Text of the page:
I find it difficult, if not impossible, to reconcile this holding with the current proposal that the FCC may indeed require free time for candidates consistent with the Communications Act. If the major provisions of the Communications Act that expressly deal with air time for candidates do not allow for an unqualified right to free time, it would seem to follow that such a right could not, in accord with the Act, be erected under other, more general provisions such as the "public interest" sections. To do so would be effectively to nullify the precise choice made by Congress when it weighed the interests on the scale here. As the Supreme Court has stated, "[a]pplication of the 'broad purposes' of the legislation at the expense of specific provisions ignores the complexity of the problems Congress is called upon to address and the dynamics of legislative action. . . . [Such an approach] takes no account of the processes of compromise and, in the end, prevents the effectuation of congressional intent." Board of Governors v. Dimension Financial Corp., 474 U.S. 361, 373-74 (1986). In short, this Commission is in no position to upset the express legislative balance struck by Congress in section 312(a)(7) and also in section 315, discussed in response to Questions 5 and 7.

4. If Section 312(a)(7) requires that broadcasters either give candidates reasonable access to free time or the opportunity to purchase reasonable amounts of time, what legal authority gives the Commission the power to modify that requirement in any way?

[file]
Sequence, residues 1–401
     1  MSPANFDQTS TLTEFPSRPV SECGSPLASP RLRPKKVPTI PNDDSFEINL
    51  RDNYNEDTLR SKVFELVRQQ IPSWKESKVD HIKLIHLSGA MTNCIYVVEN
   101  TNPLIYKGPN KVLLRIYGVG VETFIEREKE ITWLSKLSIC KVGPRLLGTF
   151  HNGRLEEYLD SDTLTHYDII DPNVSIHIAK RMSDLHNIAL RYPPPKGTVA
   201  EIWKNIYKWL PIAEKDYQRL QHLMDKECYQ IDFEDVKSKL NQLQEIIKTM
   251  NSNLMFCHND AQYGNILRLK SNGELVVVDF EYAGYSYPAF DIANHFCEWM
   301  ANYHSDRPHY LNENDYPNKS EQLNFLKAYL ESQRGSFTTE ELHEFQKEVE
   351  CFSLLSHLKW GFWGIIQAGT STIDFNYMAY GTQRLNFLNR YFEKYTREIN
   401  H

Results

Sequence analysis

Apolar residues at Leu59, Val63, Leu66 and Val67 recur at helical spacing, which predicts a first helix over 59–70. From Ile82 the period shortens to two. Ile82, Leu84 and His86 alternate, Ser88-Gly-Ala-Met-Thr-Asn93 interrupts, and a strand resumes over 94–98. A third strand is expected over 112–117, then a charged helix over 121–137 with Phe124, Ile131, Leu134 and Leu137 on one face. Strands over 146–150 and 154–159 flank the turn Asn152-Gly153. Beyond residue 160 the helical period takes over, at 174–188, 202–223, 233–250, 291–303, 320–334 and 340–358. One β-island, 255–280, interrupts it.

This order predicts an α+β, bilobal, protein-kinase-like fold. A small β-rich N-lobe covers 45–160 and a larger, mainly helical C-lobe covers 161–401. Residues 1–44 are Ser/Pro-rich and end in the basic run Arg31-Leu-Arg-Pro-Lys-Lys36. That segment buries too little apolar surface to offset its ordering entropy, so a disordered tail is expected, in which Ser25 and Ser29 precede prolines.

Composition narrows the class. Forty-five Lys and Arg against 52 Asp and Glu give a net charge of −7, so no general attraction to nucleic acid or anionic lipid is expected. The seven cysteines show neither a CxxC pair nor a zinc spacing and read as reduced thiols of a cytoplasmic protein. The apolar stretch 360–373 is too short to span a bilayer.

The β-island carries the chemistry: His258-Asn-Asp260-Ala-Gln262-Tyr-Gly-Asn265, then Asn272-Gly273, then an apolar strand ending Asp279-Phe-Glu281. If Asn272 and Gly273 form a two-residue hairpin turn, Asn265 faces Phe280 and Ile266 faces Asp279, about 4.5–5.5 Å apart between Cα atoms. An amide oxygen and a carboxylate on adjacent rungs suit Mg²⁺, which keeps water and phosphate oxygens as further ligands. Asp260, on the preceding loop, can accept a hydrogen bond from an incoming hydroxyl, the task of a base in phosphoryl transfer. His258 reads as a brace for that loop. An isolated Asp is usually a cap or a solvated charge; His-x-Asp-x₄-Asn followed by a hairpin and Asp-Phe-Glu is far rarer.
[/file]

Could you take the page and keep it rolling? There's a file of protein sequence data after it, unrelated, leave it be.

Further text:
In my opinion, this Commission has no power to modify the plain language of any federal statute, including section 312(a)(7). Congress drafts and passes legislation, the President signs it into law, and the job of this agency is, to the best of our ability, to implement those laws as written. As discussed above, Congress unambiguously gave broadcasters two alternatives when it comes to air time for certain candidates for elective office: reasonable access to free time or the purchase of reasonable amounts of time. This Commission is powerless to alter that clear, disjunctive approach to broadcasters' obligations to political candidates by invoking the generalized "public interest."